Donald's Encyclopedia of Popular Music
A white blues band formed in 1966 by vocalist Bob 'The Bear' Hite (b 26 February 1945, Torrance CA, d 5 April 1981) and guitarist Alan 'Blind Owl' Wilson (b 4 July 1943, Boston, d 3 September 1970). Hite was a former record shop manager with a mania for blues; Wilson a music major at Boston U. who formed a jug band in 1965 in Los Angeles with drummer Bob Cook. They recruited ex-Frank Zappa sideman Henry Vestine (b 25 December 1944, Washington DC; d 20 October 1997), ex-Jerry Lee Lewis bassist Larry Taylor (b 26 June 1942, NYC) to mix country blues with electric instruments. Exposure at the Monterey Festival in 1967 promoted their eponymous first LP nd made them headliners.
The bespectacled Wilson and the man-mountain Hite made an unlikely-looking combination, but Wilson's light tenor was an effective contrast with Hite's growl. They replaced Cook with Mexican Adolpho 'Fito' de la Parra (b 8 February 1946) for Boogie With Canned Heat '68, including hit singles 'On The Road Again' (USA no. 16/UK no. 8) and 'Going Up The Country' (no. 11 USA/19 UK), mid-tempo chuggers adapted from old blues songs by Jim Oden and Henry Thomas respectively. Albums Living The Blues and Hallelujah '69 consolidated their appeal; then Vestine left to work with Albert Ayler, replaced by Harvey Mandel (b 11 March 1945, Detroit). They played Woodstock that year. Their best year was 1970, with a cover of Wilbert Harrison's 'Let's Work Together' (USA no. 26/UK 2), classic compilation Cookbook and album Future Blues. A famous session with John Lee Hooker (Hooker And Heat released '71) showed the legendary black bluesman sympathetic to white disciples.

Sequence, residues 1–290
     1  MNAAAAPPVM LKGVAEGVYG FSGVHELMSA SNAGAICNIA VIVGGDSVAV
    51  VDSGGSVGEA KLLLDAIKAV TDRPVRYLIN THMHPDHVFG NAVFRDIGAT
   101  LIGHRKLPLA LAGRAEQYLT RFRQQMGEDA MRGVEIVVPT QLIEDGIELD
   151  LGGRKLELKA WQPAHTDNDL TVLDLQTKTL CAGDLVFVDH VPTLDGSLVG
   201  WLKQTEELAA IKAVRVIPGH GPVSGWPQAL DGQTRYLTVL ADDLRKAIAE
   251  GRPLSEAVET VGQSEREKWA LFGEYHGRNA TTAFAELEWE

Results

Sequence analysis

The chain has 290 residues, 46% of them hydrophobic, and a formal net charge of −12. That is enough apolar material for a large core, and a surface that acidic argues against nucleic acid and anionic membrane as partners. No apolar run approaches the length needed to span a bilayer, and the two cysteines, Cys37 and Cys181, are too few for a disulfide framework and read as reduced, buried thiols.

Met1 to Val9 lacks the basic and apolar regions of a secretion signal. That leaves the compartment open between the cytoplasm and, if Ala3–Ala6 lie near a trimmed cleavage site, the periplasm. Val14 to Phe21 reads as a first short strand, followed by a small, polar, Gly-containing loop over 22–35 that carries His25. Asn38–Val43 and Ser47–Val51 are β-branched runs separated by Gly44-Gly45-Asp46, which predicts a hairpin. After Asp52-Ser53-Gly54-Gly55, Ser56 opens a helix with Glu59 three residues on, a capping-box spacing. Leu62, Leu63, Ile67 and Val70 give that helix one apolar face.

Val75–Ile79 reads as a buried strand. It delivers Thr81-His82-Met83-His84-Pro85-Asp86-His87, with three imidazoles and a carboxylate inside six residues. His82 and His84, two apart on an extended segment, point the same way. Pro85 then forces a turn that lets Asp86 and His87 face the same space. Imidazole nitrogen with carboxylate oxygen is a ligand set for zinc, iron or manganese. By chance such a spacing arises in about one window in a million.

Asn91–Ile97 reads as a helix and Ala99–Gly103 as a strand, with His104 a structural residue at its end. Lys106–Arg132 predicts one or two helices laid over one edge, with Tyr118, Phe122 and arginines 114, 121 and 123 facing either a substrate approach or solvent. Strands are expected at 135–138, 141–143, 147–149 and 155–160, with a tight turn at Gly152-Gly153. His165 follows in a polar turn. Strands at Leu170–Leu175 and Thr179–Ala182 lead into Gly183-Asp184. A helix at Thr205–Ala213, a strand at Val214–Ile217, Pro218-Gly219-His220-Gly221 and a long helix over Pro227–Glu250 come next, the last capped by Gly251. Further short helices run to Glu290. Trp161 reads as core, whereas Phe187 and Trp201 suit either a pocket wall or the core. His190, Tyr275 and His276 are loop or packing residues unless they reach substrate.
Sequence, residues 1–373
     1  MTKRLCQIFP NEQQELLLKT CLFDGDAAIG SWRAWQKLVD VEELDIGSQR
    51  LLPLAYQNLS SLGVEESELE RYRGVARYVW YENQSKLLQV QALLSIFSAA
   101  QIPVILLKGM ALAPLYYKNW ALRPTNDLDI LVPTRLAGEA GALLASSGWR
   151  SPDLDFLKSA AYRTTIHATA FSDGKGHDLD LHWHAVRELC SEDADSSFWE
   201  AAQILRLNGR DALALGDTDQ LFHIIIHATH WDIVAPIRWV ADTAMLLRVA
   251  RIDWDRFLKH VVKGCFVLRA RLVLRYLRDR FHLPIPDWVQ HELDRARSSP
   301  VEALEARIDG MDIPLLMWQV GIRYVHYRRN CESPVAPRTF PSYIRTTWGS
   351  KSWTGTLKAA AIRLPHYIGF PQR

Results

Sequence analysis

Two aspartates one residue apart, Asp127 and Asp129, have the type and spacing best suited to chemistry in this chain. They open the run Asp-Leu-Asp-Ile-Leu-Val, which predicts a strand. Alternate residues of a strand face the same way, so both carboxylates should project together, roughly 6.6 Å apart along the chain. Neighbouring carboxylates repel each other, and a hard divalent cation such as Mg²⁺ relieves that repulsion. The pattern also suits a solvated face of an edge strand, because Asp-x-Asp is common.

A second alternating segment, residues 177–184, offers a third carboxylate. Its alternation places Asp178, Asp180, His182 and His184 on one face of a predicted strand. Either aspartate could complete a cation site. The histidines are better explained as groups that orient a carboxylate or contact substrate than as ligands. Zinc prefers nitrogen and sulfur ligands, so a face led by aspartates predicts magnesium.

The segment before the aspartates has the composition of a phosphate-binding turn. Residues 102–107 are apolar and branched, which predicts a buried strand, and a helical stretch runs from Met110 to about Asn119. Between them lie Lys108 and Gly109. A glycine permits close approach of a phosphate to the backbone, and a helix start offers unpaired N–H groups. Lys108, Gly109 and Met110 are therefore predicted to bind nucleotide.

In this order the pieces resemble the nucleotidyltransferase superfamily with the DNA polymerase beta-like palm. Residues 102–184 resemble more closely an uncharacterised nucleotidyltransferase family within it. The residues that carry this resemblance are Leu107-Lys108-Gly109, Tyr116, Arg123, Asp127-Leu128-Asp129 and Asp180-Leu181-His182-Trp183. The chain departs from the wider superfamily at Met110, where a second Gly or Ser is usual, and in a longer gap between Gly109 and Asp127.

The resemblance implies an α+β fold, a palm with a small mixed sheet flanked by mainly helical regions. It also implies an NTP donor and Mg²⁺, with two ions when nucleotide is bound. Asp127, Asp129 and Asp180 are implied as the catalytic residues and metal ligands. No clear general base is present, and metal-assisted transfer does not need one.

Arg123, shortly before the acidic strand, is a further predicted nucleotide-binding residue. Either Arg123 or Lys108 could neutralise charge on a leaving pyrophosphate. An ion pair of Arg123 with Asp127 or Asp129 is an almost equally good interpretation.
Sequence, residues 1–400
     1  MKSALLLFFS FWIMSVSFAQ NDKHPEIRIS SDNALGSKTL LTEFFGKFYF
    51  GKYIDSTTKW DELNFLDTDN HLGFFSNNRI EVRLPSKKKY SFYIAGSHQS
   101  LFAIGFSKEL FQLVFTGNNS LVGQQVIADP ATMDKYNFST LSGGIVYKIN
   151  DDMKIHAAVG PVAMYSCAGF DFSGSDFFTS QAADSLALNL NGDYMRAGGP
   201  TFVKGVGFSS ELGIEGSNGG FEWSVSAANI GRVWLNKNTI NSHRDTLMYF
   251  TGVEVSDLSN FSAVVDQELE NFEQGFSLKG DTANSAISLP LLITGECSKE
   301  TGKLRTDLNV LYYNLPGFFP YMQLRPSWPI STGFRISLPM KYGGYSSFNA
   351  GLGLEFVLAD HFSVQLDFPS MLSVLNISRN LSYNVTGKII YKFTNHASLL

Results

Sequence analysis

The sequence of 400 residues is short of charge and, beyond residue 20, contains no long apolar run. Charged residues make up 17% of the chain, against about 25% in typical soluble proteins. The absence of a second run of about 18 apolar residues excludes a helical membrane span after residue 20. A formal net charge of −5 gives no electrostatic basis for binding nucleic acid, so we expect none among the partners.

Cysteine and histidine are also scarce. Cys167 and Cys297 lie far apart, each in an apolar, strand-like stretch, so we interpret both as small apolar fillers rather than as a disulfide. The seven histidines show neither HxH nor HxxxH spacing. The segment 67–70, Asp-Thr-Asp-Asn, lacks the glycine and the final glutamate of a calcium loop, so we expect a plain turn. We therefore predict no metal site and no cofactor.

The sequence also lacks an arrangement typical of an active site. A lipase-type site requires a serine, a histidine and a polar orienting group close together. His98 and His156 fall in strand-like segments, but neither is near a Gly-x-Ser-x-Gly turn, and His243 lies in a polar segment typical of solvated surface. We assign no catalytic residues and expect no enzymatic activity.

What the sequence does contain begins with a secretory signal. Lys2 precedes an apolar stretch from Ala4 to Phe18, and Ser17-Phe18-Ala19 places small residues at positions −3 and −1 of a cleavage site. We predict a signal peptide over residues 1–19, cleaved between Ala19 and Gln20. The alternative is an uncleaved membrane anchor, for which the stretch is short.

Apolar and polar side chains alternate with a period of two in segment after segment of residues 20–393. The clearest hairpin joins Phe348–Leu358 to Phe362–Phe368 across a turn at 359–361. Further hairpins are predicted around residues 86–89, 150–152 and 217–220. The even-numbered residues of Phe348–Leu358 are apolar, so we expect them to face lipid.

Changes destabilized the lineup: Mandel was replaced by the returning Vestine and Taylor by Antonio de la Berreda (aka Tony Olav), but Wilson's death on the eve of the band's third UK tour tore the heart out of group. They continued in the '70s with Historical Figures And Ancient Heads '72, New Age '73, One More River To Cross '74 etc, Hite the driving force and the only constant factor; they were recorded live on Long Island '79 with Mike 'Hollywood Fats' Mann on guitar. Hite's death from a heart attack ended the story. Initially imitative, at their peak they produced genuinely moving white blues; Hite, who had a collection of 60,000+ blues records, left a further legacy by helping United Artists compile their Legendary Masters series.